My son is now 5.5 months, and still won’t take a paci. Eh. Sometimes they just won’t. I’d be prepared to try different brands and see what your babe likes.
I use the Lansinoh MoMma bottles, as recommended by a lactation consultant. It works well for us. That could be purely luck, though – I think the latest research I saw says there isn’t a real difference from bottle to bottle, it’s a matter of what your baby will tolerate. I assume you’re planning to breastfeed as well? Look into paced bottle feeding and use slow-flow nipples – these two things also help ensure a baby doesn’t develop a bottle preference. I got the MoMma at Babies R Us, but they’re also available on Amazon. Anything’s available on Amazon – Lord love Amazon Prime!!!!
kellymom.com has a ton of great resources on breastfeeding, paced bottle feeding, etc.
I got a Lansinoh Affinity Pro free through insurance. It’s…ok. I ended up borrowing a friend’s Medela Pump In Style Advanced when I felt like my supply was taking a dip (this is probably because I got my period back). I like the Medela much better – it’s easier to use and sturdier. I can’t say for sure I am getting better output, though.
Post # 13
From my gatherings, its best to not fixate on one type of bottle. Baby’s can oftentimes be picky about them! My best friends baby hated Avent bottles, she used Playtex Ventaire.
I also wouldn’t worry about matching the paci’s.. they’re really mostly the same.. some have a flat edge some are completely round, and baby will decide which he/she likes best so have both. Ps: I’ve never heard this about matching bottles to pacifiers…
One thing I’ve noticed as I’ve been in a bottle crisis (lol) is some bottles IE: dr brown, medela, playtex ventaire standard, have a very small nipple base… other bottles like Avent, Playtex Nurser Drop In, Playtex Ventaire Wide, I think Dr. Brown also makes a wide, and Nuk bottles all have a wide nipple base. To me the wide nipple seems more like a breast because your breast is vulumptious and baby is use to his/her face being close to this. Thats my opinion.
I dont personally believe in nipple confusion. Bottle feeding is SO MUCH easier for a baby then breastfeeding… it takes a lot of energy for baby to eat that’s why they sleep so much. So I honestly think that baby gets wind of a bottle and see’s its easier to eat and might take prefrence over that. Otherwise, some babies you may notice take a longer time to BF because they take breaks. My brothers were notoriously long eaters because they would stop eating and totally unlatch and start laughing and smiling or whatever. Some baby’s will just do that and take their time breastfeeding.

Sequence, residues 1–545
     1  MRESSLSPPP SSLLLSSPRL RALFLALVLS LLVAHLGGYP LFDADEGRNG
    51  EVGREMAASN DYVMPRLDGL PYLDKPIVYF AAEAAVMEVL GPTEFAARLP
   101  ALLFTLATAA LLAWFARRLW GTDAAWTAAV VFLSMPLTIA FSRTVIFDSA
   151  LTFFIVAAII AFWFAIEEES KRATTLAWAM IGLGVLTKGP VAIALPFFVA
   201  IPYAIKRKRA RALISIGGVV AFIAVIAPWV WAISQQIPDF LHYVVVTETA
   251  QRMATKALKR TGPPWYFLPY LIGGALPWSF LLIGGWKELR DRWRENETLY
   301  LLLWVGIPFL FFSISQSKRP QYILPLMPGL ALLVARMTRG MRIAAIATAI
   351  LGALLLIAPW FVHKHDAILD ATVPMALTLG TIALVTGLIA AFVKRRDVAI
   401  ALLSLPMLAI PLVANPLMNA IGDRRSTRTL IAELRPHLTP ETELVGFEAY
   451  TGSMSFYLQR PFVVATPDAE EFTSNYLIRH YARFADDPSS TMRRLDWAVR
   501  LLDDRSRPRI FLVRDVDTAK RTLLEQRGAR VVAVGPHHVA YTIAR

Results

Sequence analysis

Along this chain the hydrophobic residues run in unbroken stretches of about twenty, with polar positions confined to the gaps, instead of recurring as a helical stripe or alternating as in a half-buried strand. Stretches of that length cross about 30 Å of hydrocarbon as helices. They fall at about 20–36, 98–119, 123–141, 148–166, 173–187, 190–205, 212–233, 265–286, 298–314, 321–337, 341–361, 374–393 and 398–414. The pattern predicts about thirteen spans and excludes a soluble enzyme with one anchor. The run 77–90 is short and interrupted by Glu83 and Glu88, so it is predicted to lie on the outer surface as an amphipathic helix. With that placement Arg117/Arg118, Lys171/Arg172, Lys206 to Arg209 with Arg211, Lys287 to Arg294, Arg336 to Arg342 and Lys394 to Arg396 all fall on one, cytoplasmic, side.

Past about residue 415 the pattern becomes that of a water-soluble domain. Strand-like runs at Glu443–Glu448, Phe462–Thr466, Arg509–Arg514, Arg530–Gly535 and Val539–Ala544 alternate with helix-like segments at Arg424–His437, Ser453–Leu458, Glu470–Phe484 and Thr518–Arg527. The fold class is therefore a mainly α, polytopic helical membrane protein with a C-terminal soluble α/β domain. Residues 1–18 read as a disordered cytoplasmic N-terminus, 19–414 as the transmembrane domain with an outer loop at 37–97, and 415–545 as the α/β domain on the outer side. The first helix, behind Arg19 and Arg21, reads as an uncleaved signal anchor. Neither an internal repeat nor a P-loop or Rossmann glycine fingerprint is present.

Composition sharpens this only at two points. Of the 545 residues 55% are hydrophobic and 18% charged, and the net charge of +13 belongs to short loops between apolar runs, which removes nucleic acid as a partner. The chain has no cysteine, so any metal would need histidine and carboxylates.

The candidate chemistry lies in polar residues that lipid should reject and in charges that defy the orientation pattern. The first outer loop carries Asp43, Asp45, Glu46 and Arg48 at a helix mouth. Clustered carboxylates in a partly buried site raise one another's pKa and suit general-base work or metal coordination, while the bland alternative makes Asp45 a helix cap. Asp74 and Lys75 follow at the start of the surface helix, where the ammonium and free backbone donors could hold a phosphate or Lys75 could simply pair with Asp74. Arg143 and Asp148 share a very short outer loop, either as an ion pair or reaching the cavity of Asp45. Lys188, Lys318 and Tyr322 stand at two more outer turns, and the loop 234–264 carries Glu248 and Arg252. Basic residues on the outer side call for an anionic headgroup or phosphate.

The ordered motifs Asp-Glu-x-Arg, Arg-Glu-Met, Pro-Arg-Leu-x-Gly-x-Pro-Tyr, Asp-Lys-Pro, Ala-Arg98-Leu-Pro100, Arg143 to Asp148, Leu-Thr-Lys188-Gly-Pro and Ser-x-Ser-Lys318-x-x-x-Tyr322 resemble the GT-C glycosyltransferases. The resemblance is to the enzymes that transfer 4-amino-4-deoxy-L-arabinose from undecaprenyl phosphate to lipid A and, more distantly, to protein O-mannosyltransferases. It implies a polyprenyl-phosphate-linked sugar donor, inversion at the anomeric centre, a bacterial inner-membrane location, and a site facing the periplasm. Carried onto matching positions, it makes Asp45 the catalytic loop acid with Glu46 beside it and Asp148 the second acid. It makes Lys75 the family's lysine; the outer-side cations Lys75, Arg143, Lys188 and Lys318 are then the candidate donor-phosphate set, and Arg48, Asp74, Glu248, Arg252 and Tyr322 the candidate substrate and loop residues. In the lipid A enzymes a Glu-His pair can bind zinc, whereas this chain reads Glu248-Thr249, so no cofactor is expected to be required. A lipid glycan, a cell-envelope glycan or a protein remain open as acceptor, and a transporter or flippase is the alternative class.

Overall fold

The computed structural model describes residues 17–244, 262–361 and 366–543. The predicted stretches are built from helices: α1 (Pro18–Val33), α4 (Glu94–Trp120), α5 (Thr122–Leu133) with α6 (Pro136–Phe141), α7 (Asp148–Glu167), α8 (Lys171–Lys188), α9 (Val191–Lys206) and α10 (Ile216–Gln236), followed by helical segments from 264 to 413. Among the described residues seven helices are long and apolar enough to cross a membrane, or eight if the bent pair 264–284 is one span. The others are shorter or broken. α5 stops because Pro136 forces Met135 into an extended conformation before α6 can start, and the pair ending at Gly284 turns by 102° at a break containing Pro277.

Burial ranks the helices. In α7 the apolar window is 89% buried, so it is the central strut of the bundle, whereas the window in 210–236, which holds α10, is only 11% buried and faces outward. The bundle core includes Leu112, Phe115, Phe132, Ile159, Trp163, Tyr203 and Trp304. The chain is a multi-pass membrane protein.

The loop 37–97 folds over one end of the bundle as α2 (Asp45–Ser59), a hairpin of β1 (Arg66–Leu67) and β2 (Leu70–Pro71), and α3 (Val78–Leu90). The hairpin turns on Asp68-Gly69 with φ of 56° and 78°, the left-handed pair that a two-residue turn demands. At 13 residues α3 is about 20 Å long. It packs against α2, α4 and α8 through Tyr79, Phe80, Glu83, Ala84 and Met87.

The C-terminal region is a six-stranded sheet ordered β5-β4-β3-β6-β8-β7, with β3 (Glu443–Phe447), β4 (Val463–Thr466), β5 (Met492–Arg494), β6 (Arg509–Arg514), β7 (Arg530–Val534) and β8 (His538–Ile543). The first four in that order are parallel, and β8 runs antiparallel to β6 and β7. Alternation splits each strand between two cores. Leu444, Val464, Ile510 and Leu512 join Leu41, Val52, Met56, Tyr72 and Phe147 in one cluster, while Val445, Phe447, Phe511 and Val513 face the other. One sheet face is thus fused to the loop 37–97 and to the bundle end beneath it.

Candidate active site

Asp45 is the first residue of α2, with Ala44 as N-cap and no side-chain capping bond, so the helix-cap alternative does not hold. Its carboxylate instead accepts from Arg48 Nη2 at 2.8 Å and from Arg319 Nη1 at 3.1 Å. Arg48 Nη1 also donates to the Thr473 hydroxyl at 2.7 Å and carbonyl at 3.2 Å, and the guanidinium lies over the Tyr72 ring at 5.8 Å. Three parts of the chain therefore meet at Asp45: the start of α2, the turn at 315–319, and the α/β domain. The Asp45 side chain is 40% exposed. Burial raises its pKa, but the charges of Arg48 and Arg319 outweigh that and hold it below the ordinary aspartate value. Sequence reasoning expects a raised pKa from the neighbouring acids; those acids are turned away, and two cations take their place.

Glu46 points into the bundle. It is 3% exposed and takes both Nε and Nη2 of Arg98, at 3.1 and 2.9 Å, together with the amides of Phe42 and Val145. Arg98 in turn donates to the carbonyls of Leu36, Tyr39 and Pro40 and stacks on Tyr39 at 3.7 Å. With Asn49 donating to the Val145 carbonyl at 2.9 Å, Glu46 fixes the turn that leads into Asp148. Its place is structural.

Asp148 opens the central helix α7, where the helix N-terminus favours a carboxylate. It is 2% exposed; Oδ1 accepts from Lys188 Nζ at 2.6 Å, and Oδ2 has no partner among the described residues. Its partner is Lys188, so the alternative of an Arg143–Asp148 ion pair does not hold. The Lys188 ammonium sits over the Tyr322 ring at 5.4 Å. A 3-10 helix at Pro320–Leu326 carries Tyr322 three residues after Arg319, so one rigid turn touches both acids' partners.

As far as breast pumps, I would find one that works best for you. Check with your insurance also if you’re planning to use them to pay for it. I think Medela is probably the most well known and talked about pump… as far as pumps and bottes go, a lot of the pumps will work with many bottle types, or there is an adapter that can be used to make it work. That is something to think about when purchasing a pump, is how many different kind of bottles can you pump into. Also, the medela pump offers an adapter piece that allows you to pump right into storage bags, which is convenient because you’re not always dirtying a bottle just to dump milk into a bag. (I would like to freeze/refridgerate milk so this is something important to me) Typically most people won’t have 5 bottles of milk sitting in the fridge, you will have it in a storage bag… so finding a way to pump directly into a storage bag can be an extra big convenience.
Hope this was helpful! :]
Post # 14
I wouldn’t worry about brand matching. In my (limited) experience, it’s more about what the baby gets used to. I use Avent bottles (natural newborn) and pacifiers and also breastfeed both of my twins, and they take them just fine–no nipple confusion. They were started on bottles by the midwives at the hospital whilst in the NICU just 4 days after birth because of weight gain issues, but I’ve never had any problem with that interfering with breastfeeding because I think my girls prefer the boob. 🙂 I’ve since tried to branch out and get some of the more BF-friendly stuff like the soothies, but they’be been rejected outright, so I think it boils down to them rejecting the stuff they’re not used to. They won’t take other bottles or pacifiers without a fuss… So maybe just be prepared to stick with whatever you pick out?
Post # 15
@megz06: From what lots of mommies have told me, the best way to avoid nipple confusion is to have the baby breastfeed for at least 6 weeks with NO bottles and NO pacis. Get him/her VERY used to breastfeeding first, because bottle feeding is generally WAY easier for them, so they’ll prefer bottles if you introduce them too early and get really frustrated when your boobs aren’t as easy.
My nephew was in the NICU for 3 days and the nurses there don’t care if you don’t want to give the baby a pacifier because they just don’t have enough people to comfort all the babies. Also, since he couldn’t be picked up for the first two days, breastfeeding was out of the question. Guess who had a TERRIBLE time breastfeeding? Yup… my sister. It was torture and I’m sure it’s because he got used to the bottle. No offense to the amazing nurses– they did what they needed to for him to get healthy, but man…. it was ROUGH on my sister.
Post # 16
@MexiPino: The Catch-22 on that is that if you wait too long (which depends on the baby), they may not take a bottle at all. Hence why I haven’t left my child for more than 5 hours in the last 10.5 months…